English 366B, Section S02: Shakespeare's Histories and Tragedies   >   Antony and Cleopatra: Antony To the previous page To the next page

Antony: Rome and Roman thoughts

The story so far

Many in Shakespeare's audience would have seen his earlier tragedy, Julius Caesar, and would thus have been familiar with the events that precede Antony and Cleopatra. The earlier play begins at a time when Julius Caesar had overcome his Roman rival Pompey the Great. Caesar was both popular and powerful, and was offered the "crown" by a crowd of citizens. Had he accepted, the effect would have been to end the rule of the Roman Senate, substituting a kingship\or what we might think rather more like a dictatorship. Cassius led a group of conspirators against Caesar, intending to assassinate him before he could assume absolute power; at his urging, Brutus, a dignified and noble senator who loved Caesar, reluctantly joined the conspiracy (Brutus is the protagonist of the play, though it is named after Julius Caesar). Caesar was duly killed in the Senate House, where Brutus explained to the frightened crowd the reasons for their action. He made the mistake, however, of permitting Caesar's supporter, Antony, to give an oration over the body. Antony's famous speech swayed the crowd, with the result that Brutus and Cassius were forced to flee Rome. In the power vacuum that followed, a "triumvirate" (rulership of three men) ensued, with Antony, Lepidus, and Caesar's adopted son, Octavius Caesar, taking command. Brutus and Cassius were defeated at the battle of Phillipi, and Rome was left for the time under the rule of the triumvirs. The action of Antony and Cleopatra begins some years later.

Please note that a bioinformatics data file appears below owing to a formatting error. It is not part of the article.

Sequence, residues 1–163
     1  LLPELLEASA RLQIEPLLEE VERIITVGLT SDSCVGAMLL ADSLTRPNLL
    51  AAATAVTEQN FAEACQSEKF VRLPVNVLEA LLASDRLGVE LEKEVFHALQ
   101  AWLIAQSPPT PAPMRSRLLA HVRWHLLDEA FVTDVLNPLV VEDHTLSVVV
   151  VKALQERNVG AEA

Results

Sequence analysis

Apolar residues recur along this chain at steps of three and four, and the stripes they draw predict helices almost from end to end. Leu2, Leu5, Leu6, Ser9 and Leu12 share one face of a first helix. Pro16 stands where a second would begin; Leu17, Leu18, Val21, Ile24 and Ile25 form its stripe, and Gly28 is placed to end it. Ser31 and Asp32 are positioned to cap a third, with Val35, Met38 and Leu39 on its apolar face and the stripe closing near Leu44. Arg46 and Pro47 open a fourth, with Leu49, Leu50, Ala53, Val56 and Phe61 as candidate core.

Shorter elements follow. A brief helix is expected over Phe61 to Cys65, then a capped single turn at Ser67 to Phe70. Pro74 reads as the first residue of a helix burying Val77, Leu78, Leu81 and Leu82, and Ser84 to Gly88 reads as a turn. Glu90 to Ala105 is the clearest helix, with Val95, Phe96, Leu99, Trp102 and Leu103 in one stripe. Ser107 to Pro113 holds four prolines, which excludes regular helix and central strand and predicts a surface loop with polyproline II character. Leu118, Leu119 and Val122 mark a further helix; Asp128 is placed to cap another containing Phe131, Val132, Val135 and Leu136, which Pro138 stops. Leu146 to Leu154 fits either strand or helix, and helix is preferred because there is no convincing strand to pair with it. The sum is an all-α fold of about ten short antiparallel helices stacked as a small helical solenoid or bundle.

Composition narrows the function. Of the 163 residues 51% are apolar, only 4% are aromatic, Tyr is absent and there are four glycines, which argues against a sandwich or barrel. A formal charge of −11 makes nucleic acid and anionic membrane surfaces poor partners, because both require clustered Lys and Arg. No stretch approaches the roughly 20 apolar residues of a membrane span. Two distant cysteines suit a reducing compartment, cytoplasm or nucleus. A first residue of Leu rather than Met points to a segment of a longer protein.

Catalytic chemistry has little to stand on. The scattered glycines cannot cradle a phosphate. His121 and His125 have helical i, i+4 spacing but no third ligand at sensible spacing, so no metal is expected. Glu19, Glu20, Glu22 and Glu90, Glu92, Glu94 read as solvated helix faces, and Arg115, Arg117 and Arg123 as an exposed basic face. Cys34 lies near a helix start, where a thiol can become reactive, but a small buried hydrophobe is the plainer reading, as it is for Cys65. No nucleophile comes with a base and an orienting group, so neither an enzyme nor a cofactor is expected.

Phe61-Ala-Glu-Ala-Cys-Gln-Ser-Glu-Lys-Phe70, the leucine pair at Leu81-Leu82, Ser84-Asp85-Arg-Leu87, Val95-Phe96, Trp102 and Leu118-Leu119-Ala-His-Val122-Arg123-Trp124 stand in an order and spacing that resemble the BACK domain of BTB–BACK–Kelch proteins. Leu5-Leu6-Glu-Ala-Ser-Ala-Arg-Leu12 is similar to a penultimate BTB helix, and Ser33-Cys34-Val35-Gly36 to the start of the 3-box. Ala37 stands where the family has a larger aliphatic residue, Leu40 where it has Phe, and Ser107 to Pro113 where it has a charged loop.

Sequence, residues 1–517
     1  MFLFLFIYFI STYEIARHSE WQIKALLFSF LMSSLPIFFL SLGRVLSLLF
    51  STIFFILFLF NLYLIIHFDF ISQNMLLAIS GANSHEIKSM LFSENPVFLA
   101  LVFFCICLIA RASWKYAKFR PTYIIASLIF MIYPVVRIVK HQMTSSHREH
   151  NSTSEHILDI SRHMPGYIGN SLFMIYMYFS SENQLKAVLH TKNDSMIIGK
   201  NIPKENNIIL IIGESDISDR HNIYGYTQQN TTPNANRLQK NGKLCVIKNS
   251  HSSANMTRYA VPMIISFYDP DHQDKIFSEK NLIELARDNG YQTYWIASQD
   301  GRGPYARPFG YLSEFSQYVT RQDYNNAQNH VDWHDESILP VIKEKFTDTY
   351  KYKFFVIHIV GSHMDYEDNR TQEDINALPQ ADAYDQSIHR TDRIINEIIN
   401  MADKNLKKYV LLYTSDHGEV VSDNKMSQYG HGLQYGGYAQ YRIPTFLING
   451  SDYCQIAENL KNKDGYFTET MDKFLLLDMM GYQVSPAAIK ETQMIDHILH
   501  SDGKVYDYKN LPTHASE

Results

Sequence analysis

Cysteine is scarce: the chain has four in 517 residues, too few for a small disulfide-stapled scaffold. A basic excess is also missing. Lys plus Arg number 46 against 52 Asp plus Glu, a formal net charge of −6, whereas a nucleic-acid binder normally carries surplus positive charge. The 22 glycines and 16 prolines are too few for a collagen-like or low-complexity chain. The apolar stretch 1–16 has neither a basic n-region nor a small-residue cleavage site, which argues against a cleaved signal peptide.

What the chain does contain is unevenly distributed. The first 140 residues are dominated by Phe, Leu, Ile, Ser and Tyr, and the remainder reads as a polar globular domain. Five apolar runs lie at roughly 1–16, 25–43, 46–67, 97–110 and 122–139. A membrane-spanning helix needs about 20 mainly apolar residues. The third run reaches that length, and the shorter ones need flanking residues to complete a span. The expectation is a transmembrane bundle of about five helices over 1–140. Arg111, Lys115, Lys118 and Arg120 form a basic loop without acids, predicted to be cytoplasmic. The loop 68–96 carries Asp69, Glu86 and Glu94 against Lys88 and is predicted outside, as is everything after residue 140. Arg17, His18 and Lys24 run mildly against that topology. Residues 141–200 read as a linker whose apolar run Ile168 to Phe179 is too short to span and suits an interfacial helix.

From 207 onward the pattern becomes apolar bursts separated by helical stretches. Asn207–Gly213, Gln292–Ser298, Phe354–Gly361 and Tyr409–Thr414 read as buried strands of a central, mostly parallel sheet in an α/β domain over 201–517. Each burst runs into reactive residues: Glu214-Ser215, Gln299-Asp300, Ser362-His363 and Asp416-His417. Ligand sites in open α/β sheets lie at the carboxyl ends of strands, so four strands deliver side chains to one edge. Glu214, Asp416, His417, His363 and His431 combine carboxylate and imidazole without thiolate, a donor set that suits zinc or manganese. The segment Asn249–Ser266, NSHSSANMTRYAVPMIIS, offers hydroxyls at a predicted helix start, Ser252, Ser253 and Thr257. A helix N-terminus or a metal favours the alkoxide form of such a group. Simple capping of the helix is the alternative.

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This page last updated on 4 March 2007. © Michael Best, 2002.